Michigan, home to one of the most MAGA-crazed GOP bases in the country, is set to host the premier Senate showdown between loyalists to former President Donald Trump and establishment Republicans focused on electability above all else.
At stake is whether Republicans can successfully expand the Senate map to Michigan, where Democrats have mostly coalesced behind Rep. Elissa Slotkin in the race to replace retiring Democratic Sen. Debbie Stabenow. Establishment Republicans in Washington, D.C., and in Michigan think they’ve found the candidate — former House Intelligence Committee chairman and Trump skeptic Mike Rogers — to turn the blue-tinted swing state into a battleground.
The question facing Rogers, and the GOP more broadly, is whether the party’s voters have learned from their mistakes in 2022, when they nominated hardcore MAGA candidates in several battleground states who couldn’t win a general election. The lesson should be particularly acute in Michigan, where Democrats last year easily defended their statewide trifecta after Republicans went full MAGA with their nominees.
Establishment Republicans see Rogers as a solid choice for Michigan’s purple electorate, giving the party perhaps its best shot at flipping a critical seat. The party’s base, however, could prefer two more explicitly “Make America Great Again”-aligned candidates, including a former Detroit police chief who seems all but certain to run and to court Trump’s support.
Rogers, a former CNN intelligence analyst, opened his campaign with a shot at both parties, aiming directly for the center of the electorate.
“Families are struggling, but politicians are fighting over banning gas stoves while China’s stealing our intellectual property and our jobs, and Biden is letting them do it,” Rogers says in his launch video, interspersed with B-roll of Detroit’s auto industry.
Rogers has to hope his rhetoric is enough to get Trump supporters to overlook some very clear baggage: Floating a possible 2024 presidential bid late last year, Rogers called Trump’s tactics “clearly destructive” and said the former president’s “time has passed.” Ahead of Trump’s first indictment on charges including paying for the silence of a porn actor right before the 2016 election, Rogers suggested that Trump has too much going on legally to be running for president.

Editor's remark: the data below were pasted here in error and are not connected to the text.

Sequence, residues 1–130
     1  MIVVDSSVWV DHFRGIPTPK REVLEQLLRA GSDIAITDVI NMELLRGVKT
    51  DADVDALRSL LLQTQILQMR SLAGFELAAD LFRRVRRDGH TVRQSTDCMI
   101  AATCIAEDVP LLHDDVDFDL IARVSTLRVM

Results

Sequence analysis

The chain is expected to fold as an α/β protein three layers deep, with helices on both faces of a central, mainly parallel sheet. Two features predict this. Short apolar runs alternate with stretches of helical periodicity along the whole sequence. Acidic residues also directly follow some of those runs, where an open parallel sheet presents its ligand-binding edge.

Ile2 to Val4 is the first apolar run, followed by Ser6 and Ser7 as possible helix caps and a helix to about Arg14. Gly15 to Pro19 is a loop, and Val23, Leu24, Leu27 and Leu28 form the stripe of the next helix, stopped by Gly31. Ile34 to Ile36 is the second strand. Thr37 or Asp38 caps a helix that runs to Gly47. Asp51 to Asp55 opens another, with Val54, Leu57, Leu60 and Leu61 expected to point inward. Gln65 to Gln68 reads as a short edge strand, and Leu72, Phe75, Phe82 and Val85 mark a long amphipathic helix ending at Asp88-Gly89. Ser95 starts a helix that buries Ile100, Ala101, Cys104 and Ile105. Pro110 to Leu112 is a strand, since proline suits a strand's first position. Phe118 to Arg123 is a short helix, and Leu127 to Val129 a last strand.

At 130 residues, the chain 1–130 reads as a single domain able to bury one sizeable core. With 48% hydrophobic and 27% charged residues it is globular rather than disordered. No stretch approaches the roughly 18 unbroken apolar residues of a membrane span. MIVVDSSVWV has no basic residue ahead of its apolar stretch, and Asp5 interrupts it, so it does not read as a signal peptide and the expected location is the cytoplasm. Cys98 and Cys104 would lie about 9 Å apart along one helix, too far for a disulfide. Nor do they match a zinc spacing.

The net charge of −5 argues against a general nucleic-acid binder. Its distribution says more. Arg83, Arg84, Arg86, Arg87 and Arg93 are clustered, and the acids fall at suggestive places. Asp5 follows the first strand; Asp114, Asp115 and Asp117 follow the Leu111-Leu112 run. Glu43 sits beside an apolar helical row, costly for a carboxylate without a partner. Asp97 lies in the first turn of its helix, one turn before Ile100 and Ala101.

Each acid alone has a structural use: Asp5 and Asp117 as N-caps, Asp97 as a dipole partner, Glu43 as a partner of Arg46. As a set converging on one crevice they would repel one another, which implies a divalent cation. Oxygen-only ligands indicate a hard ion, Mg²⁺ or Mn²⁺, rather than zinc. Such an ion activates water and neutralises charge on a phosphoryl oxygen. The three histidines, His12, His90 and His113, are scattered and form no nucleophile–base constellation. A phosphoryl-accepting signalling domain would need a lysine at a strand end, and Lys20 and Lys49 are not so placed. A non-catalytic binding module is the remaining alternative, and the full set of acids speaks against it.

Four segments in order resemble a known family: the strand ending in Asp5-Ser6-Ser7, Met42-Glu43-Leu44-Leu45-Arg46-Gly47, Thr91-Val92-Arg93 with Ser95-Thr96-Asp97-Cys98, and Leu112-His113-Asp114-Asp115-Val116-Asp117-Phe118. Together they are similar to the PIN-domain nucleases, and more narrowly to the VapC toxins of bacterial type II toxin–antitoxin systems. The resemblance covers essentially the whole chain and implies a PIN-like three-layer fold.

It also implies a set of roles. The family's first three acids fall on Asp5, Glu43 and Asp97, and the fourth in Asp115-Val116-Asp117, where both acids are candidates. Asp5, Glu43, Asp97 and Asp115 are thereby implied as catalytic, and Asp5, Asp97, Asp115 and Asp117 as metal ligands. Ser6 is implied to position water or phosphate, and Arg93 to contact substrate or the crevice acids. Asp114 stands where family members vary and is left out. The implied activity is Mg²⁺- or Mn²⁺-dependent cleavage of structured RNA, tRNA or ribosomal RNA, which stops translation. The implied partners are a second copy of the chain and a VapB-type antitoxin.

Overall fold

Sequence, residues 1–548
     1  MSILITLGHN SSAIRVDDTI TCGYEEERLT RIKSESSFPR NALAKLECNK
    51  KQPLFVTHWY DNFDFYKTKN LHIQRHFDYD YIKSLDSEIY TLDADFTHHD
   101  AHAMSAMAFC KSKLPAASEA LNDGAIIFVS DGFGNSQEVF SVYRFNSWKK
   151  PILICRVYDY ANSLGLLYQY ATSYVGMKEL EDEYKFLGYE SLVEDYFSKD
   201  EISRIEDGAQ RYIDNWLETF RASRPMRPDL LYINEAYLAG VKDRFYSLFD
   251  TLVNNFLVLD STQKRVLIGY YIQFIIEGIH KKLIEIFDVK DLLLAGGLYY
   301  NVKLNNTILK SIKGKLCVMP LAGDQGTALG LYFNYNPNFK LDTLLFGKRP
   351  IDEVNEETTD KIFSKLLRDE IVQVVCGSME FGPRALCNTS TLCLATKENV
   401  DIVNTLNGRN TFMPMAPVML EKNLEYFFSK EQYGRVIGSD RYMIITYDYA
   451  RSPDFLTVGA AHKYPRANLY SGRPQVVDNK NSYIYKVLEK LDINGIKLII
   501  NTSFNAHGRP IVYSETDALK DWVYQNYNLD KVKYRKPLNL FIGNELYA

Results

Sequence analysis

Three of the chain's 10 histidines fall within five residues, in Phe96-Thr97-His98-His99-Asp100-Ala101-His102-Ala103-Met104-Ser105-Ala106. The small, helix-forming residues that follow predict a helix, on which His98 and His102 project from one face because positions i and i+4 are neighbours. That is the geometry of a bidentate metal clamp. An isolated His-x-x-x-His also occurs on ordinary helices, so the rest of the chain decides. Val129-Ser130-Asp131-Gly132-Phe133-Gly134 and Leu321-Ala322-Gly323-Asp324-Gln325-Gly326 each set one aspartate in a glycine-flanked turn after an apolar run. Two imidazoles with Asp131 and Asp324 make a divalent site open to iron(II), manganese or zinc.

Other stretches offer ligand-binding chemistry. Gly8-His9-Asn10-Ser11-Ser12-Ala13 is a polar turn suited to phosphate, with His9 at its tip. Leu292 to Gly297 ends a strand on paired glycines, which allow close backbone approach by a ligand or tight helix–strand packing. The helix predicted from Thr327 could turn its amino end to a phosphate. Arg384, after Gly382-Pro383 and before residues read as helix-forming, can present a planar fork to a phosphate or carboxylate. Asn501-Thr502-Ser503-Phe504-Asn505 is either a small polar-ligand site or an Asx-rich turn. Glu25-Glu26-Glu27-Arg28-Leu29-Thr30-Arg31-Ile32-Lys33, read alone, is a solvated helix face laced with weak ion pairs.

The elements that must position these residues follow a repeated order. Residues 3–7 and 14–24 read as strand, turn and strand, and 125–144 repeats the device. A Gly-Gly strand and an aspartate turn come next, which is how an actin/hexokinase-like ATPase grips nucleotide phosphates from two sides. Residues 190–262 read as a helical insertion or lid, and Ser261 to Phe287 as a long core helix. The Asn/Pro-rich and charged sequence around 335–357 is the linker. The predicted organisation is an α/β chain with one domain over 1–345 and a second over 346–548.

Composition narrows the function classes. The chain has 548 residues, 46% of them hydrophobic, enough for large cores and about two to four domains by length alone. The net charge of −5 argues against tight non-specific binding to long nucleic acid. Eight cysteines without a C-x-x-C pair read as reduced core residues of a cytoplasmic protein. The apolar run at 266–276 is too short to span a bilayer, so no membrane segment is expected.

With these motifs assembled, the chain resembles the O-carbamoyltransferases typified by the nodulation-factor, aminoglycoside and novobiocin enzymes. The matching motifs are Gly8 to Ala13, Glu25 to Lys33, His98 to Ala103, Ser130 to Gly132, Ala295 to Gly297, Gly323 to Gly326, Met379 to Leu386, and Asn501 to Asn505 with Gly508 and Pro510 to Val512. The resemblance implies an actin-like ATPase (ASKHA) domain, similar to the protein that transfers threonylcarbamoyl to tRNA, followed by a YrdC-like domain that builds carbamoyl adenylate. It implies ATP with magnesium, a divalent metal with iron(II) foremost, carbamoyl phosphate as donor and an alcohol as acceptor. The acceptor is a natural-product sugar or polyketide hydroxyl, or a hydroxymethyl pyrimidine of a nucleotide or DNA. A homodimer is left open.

“[Trump] has lots of issues to worry about and this might be a really good time for him to stop and focus on those issues and get all of that taken care of,” he told Fox News Digital in March.
Mike Rogers last week became the first major Republican to mount a U.S. Senate campaign in Michigan.
That Rogers, a former FBI agent who spent a decade in the House, is anything but a shoo-in for the Republican nod speaks volumes about how the GOP electorate has changed since Rogers left office in 2016, said Jeff Timmer, an adviser to The Lincoln Project, an anti-Trump political action committee.
“It’s not going to take a marquee candidate to beat Mike Rogers,” said Timmer, a former executive director of the Michigan Republican Party, suggesting that Rogers could even lose to little-known Michigan state board of education member Nikki Snyder, a Republican mounting a campaign focused on parental rights. “That’s how much the party has changed. Not long ago he would have been a marquee recruit. But his background, the things that made him stand out to Republican voters… those are kryptonite now in the GOP.”
“In an alternate reality, someone like Mike Rogers would be an A-list candidate,” said Michigan GOP political consultant Dennis Lennox. “This is why no credible Republican has wanted to enter the race, which has all but guaranteed the election of [Slotkin] absent Michigan somehow becoming a presidential battleground.”
The biggest threat to Rogers in the GOP would likely be former Detroit Police Chief James Craig, who told HuffPost last week that he’s “99%” certain he’s launching a campaign in the coming weeks.
Craig was considered the presumptive GOP nominee for Michigan governor in 2022 before losing ballot access due to a fraudulent signature collector. Political commentator Tudor Dixon ultimately won the Republican nomination and lost to incumbent Democratic Gov. Gretchen Whitmer by more than 10 percentage points.